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MG opens NZ dealer network

It’s back: MG has returned to New Zealand with the MG6 range made near Shanghai.

New Zealand MG sales launched with Chinese-made MG6 hatch and sedan

MG logo18 Jan 2013

BORN-AGAIN British marque MG has returned to showrooms in New Zealand via a three dealer network, kicking off sales with the Chinese-made MG6 sedan and hatch.

Now owned by China’s biggest motor company, Shanghai Automotive Industry Corporation (SAIC), 80-year-old MG is set to expand its NZ offerings with the smaller MG3 light hatchback later in the year.

Dealerships in Christchurch, Wellington and Rotorua opened for MG business in December, with the first cars sold this month.

MG is being handled in NZ by British Motor Distributors (BMD), a branch of John Fairhall’s Archibald Motor Group that sells a wide range of European luxury cars such as Audi, Porsche, Jaguar, Land Rover and Volvo in NZ.

BMD operations manager Kerry Cheyne told GoAuto that a fourth dealership would be opened soon, adding: “The future is bright.”

The company imported eight MG6 cars about a year ago as part of its warm-up for NZ distribution, showing them off to potential dealers and journalists.

SAIC Motor has plans to expand MG to Australia where independent importer Inchcape has been mentioned as a possible contender for the MG rights alongside its existing Subaru business.

Another importer – WMC Group – is just about to launch another of SAIC’s automotive brands, LDV Vans (formerly Maxus), in Australia, where they will take on the likes of Hyundai’s iLoad and Toyota’s HiAce.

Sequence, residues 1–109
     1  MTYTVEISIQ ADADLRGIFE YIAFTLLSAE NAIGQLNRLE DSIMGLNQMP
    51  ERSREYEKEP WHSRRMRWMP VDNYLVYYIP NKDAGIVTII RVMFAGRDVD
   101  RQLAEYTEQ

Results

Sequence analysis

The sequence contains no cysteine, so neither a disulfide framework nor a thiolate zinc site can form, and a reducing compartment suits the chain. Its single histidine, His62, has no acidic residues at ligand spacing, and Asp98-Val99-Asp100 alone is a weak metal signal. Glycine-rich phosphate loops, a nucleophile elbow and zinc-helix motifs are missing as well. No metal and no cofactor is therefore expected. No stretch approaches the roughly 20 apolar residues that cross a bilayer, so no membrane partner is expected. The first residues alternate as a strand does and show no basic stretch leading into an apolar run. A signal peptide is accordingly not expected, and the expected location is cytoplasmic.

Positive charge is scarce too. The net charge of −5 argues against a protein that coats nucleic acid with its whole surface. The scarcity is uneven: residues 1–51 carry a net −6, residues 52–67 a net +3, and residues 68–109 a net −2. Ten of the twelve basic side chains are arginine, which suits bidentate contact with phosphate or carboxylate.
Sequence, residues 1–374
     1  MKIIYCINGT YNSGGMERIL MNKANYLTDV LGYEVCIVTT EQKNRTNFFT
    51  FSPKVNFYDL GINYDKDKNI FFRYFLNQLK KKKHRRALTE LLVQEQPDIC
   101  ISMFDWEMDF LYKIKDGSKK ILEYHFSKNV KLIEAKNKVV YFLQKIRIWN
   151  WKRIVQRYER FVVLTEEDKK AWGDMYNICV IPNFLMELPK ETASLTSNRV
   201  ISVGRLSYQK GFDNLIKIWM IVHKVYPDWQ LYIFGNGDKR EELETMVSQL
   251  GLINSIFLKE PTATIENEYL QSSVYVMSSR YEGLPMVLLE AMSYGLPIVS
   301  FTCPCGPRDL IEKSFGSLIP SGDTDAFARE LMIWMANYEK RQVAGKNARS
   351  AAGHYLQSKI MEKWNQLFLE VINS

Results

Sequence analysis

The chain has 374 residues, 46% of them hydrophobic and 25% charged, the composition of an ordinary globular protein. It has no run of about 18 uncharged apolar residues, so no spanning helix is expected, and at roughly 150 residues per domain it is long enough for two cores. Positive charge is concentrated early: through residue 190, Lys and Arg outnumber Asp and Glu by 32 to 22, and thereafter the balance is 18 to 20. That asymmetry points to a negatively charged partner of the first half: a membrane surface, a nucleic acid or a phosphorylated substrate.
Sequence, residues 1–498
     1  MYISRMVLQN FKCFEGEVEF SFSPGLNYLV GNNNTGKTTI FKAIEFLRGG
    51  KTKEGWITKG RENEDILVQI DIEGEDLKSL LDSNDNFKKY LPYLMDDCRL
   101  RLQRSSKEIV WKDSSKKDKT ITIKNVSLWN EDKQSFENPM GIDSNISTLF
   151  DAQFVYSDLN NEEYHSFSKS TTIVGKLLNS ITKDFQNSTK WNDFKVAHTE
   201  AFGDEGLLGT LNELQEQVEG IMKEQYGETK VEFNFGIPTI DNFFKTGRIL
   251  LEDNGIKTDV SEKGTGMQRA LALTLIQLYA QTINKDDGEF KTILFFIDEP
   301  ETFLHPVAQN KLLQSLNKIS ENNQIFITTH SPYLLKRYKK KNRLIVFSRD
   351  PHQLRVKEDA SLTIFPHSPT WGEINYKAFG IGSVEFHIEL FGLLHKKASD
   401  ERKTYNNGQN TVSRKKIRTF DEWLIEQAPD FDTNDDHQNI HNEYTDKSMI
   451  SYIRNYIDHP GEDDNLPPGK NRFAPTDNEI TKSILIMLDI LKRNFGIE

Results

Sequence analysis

While MG cars are built in China at SAIC’s Lingang factory southeast of Shanghai, they continue to be designed and engineered at MG’s traditional Birmingham base in Britain where the MG6 is not only sold but raced in the British touring car championship by Triple Eight Racing – the same outfit that fields V8 Supercars for Craig Lowndes and Jamie Whincup in Australia.

Apart from China, MG cars are already sold in a wide number of countries across several regions, including the UK, Middle East, South America, Latin America, Korea and Africa.

Because the MG6 is built in right-hand drive for the UK and qualifies for Europe’s stringent safety and emissions standards, it is ideal for distribution for other right-hand-drive markets such as South Africa, New Zealand and Australia.

In New Zealand, the MG6 is priced from $NZ29,990 ($A23,810) plus on-roads, in two body styles – Magnette sedan and five-door GT hatch – and three specifications – S, SE and TSE.

All are currently powered by a 118kW 1.8-litre turbocharged petrol engine that can propel the Holden Cruze-sized car from zero to 100km/h in about 8.5 seconds.

A new 1.9-litre diesel engine is said to be in the pipeline for the UK, and possibly NZ.

As GoAuto reported in December, MG cars are set to be built in Thailand from 2014 under a joint venture deal with that country’s CP Group, likely meaning all MGs will be shipped to Australia and NZ from the southeast Asian country, with which Australia has a free trade agreement.

The expansion will relieve pressure on SAIC’s production facilities in China, where it has just sold a record 4.49 million cars in 2012 – up 12 per cent over 2011.

SAIC has joint ventures with the two biggest foreign brands in China, General Motors and Volkswagen, but its own MG and Roewe (Rover) brands accounted for 200,000 sales, up 23 per cent year on year.

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